I think nearly everyone has visited a church and gotten the weird creepy vibe from someone on the welcome team who asks just a few too many questions; or the expert hugger woman who will not allow anyone into the doors until she hugs each and every person (not cool for those who don’t like physical contact with strangers). Once we visited a small Baptist church to see our friend guest lead worship. We had all four of our kids with us in the pew, the oldest was a cut teen boy. One by one, we noticed families with teen girls gravitate to our row and come over to introduce themselves. It was awkward, to say the least. Train your welcome team to be polite, happy, and welcoming, and to notice how someone wants to engage. Perhaps just a hello is needed; others may want to have a quick conversation. Having welcome team members who are sensitive to the people showing up for the first time can go a long way to making church visitors feel comfortable in worship services.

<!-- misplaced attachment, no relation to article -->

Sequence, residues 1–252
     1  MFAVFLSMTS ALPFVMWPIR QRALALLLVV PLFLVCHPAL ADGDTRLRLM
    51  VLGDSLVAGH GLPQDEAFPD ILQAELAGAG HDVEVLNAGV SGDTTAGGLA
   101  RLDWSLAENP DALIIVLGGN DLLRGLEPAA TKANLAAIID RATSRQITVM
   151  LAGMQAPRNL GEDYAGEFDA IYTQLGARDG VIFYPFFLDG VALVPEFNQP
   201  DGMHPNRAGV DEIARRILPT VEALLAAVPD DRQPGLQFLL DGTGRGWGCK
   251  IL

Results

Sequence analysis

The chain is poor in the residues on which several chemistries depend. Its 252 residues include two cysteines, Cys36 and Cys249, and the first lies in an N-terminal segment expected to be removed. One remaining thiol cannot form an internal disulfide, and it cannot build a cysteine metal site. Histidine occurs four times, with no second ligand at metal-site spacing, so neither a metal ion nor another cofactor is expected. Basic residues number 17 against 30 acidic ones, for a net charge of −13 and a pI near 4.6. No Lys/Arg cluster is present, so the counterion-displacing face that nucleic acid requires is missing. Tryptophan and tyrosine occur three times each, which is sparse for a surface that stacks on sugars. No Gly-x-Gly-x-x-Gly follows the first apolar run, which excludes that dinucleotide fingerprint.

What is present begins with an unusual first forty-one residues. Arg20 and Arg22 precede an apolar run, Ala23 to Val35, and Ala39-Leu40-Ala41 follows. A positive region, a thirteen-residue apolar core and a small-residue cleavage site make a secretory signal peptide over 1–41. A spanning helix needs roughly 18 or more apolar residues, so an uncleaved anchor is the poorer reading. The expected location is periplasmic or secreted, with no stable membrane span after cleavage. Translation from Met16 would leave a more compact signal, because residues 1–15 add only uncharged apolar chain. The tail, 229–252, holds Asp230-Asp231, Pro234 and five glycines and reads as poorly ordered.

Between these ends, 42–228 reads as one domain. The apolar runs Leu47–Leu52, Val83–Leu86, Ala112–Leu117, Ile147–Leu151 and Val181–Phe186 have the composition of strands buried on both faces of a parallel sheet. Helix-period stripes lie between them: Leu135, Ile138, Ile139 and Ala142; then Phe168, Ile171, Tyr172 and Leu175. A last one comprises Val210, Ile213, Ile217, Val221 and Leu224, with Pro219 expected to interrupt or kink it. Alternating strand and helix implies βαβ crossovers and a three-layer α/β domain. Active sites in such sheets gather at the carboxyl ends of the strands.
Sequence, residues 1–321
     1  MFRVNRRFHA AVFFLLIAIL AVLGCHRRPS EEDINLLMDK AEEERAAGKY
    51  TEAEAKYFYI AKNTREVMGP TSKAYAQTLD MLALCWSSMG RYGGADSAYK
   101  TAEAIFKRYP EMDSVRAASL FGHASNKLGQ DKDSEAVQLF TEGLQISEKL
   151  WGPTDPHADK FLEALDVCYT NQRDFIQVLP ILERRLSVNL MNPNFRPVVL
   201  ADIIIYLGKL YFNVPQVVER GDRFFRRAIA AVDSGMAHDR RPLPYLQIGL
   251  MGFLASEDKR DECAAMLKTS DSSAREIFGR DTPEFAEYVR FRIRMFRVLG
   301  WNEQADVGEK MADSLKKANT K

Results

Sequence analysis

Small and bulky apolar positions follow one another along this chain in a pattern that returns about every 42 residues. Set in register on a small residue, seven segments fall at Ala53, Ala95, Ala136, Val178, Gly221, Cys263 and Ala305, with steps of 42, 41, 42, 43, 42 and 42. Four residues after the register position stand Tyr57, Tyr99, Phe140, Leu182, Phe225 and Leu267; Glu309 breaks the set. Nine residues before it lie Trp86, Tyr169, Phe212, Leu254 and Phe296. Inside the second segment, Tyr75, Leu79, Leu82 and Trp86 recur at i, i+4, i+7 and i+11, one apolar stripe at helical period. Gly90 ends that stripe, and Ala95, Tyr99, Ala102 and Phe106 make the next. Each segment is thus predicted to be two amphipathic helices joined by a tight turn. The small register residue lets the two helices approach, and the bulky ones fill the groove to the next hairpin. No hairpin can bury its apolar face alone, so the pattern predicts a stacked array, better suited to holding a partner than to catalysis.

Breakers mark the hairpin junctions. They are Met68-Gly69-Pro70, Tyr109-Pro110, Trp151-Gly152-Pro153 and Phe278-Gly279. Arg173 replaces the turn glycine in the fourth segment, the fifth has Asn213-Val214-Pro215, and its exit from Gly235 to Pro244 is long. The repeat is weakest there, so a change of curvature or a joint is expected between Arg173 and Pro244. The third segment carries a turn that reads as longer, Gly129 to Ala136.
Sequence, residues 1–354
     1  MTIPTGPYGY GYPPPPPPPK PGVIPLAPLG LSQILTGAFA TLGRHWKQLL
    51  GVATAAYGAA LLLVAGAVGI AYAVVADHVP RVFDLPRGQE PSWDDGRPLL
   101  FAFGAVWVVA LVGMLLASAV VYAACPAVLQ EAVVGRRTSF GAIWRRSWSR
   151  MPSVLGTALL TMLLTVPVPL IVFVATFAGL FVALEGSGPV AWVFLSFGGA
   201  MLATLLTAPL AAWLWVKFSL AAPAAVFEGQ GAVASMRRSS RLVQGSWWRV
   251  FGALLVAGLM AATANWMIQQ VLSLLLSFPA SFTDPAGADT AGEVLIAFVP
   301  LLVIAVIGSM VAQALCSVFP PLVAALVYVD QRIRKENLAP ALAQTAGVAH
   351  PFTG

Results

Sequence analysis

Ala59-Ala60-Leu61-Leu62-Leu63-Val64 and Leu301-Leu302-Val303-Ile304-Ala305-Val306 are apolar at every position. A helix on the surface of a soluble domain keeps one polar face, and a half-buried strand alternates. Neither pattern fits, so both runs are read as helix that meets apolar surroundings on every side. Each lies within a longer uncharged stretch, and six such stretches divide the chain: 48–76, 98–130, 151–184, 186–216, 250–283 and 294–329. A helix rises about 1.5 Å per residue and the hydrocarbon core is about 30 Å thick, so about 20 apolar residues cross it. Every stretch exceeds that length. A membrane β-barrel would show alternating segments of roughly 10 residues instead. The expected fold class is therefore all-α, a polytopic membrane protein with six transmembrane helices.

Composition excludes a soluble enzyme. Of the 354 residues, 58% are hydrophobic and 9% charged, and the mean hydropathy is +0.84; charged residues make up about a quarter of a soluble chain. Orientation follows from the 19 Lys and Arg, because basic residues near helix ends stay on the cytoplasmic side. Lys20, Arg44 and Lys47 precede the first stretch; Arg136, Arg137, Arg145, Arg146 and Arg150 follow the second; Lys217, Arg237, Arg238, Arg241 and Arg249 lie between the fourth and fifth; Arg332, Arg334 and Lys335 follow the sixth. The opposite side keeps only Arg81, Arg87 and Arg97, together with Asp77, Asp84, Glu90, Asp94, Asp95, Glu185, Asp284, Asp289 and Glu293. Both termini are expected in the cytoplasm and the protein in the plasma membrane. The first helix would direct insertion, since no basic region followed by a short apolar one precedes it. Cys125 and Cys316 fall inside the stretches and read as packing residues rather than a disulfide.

Photo by Luis Morera on Unsplash

#4 – Keep Your Church Building at a Comfortable Temperature

As a guest worship leader who has served at a variety of churches and locations, I can tell you that it’s not a given that people want to be cool and comfortable when they go to church. If your church is located in an area that has summer heat and potential humidity, people will not be comfortable if the room is above 77 degrees. In most cases, 74 or 75 is a much more comfortable temperature to keep your sanctuary cooled to. Anything hotter, and the women will be taking their cardigans off and the men will be uncomfortably hot. Don’t try to pinch pennies in this area. Maintaining your building with HVAC systems that can keep an even cool temperature is vital.

#5 – Keep the Sound Levels Reasonable for All Ears

We all know the mega-churches that pass out earplugs on Sunday mornings. While this makes for a light joke, in reality, most people aren’t comfortable listening to decibels above 85-90. Most churches can play it safe staying within the 75-85 decibels range to keep everyone happy. You don’t want worship sound wars, after all.

#6 – Make the Lighting Environment Work for Your Church Mood, But Not So Dark That People Trip